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Vieraskieliset / In-english

Jo­seph met his brot­hers mer­ci­ful­ly

Siionin Lähetyslehti
Vieraskieliset / In-english
24.5.2016 14.00

Juttua muokattu:

1.1. 23:32

The Bib­le story about Jo­seph and how he met his brot­hers in Egypt is a be­au­ti­ful desc­rip­ti­on of mer­ci­ful­ness and for­gi­ve­ness.

Hu­man­ly thin­king, Jo­seph would have had cau­se to be harsh and bit­ter to­ward his brot­hers. They had sold him as a slave to Mi­di­a­ni­te tra­ders, and con­se­qu­ent­ly he en­ded up spen­ding many ye­ars in an Egyp­ti­an pri­son.

Jo­seph did not see his brot­hers again un­til a long la­ter when they came to Egypt to get food. Pha­ra­oh had pla­ced Jo­seph over all the land of Egypt, and he had been gi­ven the task of sto­ring grain as a re­ser­ve against ye­ars of fa­mi­ne.

Jo­seph had an op­por­tu­ni­ty to take re­ven­ge on his brot­hers. Ho­we­ver, he did not do so. He saw a deep pur­po­se and God’s gui­dan­ce in what had hap­pe­ned. He said to his brot­hers: “And now do not be dist­res­sed or ang­ry with yo­ur­sel­ves be­cau­se you sold me here, for God has sent me be­fo­re you to pre­ser­ve life. – – And God sent me be­fo­re you to pre­ser­ve for you a rem­nant on earth, and to keep ali­ve for you many sur­vi­vors. So it was not you who sent me here, but God.” (Gen 45:5–8)

Jo­seph for­ga­ve from the he­art

The brot­hers al­so brought their fat­her, Ja­cob, to Egypt, and the whole fa­mi­ly re­mai­ned there to live. When Ja­cob died the brot­hers be­gan to fear that now Jo­seph would fi­nal­ly take re­ven­ge on them for their evil deeds. Even when their fat­her Ja­cob was still ali­ve they had pro­bab­ly dre­a­ded the day when he would die. Fe­ar­ful­ly they sent a mes­sa­ge to Jo­seph in which they re­fer­red to their fat­her’s words: “Yo­ur fat­her gave this com­mand be­fo­re he died: ‘Say to Jo­seph, “Ple­a­se for­gi­ve the transg­res­si­on of yo­ur brot­hers and their sin, be­cau­se they did evil to you.”’ And now, ple­a­se for­gi­ve the transg­res­si­on of the ser­vants of the God of yo­ur fat­her.” (Gen 50:16–17)

The brot­hers were be­lie­vers and un­ders­tood that they had done wrong. They knew Jo­seph had been gi­ven much po­wer and he could make their li­ves very dif­fi­cult. Ne­vert­he­less, they needn’t have fe­a­red, for Jo­seph had al­re­a­dy for­gi­ven them from the he­art.

In res­pon­ding to his brot­hers’ ap­pe­al Jo­seph brought out that it is not man’s duty to aven­ge; on­ly God has the aut­ho­ri­ty to jud­ge. He told his brot­hers: “Do not fear, for am I in the place of God? As for you, you me­ant evil against me, but God me­ant it for good, to bring it about that many pe­op­le should be kept ali­ve, as they are to­day. So do not fear; I will pro­vi­de for you and yo­ur lit­t­le ones.” (Gen 50:19–21). That Jo­seph had for­gi­ven his brot­hers from the he­art is al­so ap­pa­rent from his ac­ti­ons; he took care of his brot­hers’ fa­mi­lies.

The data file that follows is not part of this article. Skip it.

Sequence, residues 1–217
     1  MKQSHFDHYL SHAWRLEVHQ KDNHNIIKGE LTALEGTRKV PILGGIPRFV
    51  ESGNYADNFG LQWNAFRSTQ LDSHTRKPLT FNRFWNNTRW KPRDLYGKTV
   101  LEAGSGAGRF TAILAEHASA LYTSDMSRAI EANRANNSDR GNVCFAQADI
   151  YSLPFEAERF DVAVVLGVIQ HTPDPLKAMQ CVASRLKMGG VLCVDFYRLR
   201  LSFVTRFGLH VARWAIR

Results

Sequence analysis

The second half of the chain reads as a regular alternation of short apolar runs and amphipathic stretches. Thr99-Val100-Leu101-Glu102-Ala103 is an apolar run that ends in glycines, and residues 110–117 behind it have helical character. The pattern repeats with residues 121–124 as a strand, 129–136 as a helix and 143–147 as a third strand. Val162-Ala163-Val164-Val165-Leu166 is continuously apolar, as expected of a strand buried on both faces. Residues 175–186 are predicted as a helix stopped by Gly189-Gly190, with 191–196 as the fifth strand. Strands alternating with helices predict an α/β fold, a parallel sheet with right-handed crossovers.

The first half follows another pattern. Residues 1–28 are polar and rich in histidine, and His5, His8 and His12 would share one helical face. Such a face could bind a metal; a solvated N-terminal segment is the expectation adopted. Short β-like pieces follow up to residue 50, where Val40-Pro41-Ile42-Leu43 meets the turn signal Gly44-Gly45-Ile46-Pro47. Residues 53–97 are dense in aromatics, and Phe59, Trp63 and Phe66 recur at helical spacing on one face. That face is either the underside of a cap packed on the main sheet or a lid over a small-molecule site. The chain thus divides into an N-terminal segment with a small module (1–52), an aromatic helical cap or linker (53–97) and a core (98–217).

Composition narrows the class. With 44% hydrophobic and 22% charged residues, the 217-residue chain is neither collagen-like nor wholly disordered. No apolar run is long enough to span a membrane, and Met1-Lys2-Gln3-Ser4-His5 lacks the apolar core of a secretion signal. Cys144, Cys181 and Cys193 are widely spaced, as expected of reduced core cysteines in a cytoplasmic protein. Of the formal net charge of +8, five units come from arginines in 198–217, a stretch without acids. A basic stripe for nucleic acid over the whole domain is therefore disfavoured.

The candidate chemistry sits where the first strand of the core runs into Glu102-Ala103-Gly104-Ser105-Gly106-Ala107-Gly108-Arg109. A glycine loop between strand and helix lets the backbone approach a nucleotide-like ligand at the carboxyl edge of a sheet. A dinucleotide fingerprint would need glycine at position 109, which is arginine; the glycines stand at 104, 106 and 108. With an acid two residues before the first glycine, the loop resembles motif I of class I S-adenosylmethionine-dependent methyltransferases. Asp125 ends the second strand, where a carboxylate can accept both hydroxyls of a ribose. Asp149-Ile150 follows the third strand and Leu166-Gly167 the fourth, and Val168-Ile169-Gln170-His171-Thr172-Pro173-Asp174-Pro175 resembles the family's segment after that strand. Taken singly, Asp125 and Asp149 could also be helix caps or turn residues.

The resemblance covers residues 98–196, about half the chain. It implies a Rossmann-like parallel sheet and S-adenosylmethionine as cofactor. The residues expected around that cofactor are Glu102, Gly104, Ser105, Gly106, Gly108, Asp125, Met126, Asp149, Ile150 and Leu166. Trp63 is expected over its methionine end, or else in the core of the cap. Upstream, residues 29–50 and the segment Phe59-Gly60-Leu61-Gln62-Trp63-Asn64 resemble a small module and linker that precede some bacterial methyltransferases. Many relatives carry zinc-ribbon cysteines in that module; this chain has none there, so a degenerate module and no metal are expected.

Mee­ting with the mind of Christ

We can say that Jo­seph had “the mind of Christ” (Phil 2:5–8). He did not wish to fight evil with evil; ins­te­ad he wan­ted to be mer­ci­ful and en­cou­ra­ging. By faith he un­ders­tood that he him­self had re­cei­ved much for­gi­ve­ness from God and that even all of his tem­po­ral ric­hes were gifts from God.

Both Jo­seph and his brot­hers had been in God’s school. The brot­hers had had to humb­le them­sel­ves and ask for for­gi­ve­ness for their evil deeds. No lon­ger did their words con­tain the same proud­ness they did ye­ars ago in the field where they for­ced their brot­her to go along with the slave tra­ders.

Most of­ten it is not ea­sy to ask for for­gi­ve­ness or to for­gi­ve. A per­son se­arc­hing for the king­dom of God needs to pass through the nar­row gate to get in­si­de (Matt. 7:13). It is the same with put­ting away day-to-day sins—it is not al­wa­ys ea­sy for a child of God who has fal­len in­to sin to humb­le him­self to ask for for­gi­ve­ness.

So­me­ti­mes for­gi­ving can al­so be very dif­fi­cult. If a per­son is not ab­le to for­gi­ve his or her neigh­bor, bit­ter­ness may be­gin to over­co­me his or her he­art, with sor­row­ful con­se­qu­en­ces. The­re­fo­re, it is im­por­tant to pray to God for strength to both for­gi­ve and ask for for­gi­ve­ness. When God is ab­le to help in this mat­ter, the he­art is freed from bit­ter­ness and the bur­dens of sin. Joy and a mer­ci­ful mind will fol­low.

Text: Pek­ka Ait­ta­kum­pu

Sour­ce: Sii­o­nin Lä­he­tys­leh­ti 3/2015

Trans­la­ti­on: KK

Jul­kais­tu eng­lan­nin­kie­li­ses­sä nu­me­ros­sa 11.5.2016


Minä tun­nus­tin si­nul­le syn­ti­ni, en sa­lan­nut pa­ho­ja te­ko­ja­ni. Minä sa­noin: "Tun­nus­tan syn­ti­ni Her­ral­le." Sinä an­noit an­teek­si pa­hat te­ko­ni, otit pois syn­tie­ni taa­kan. Ps. 32:5

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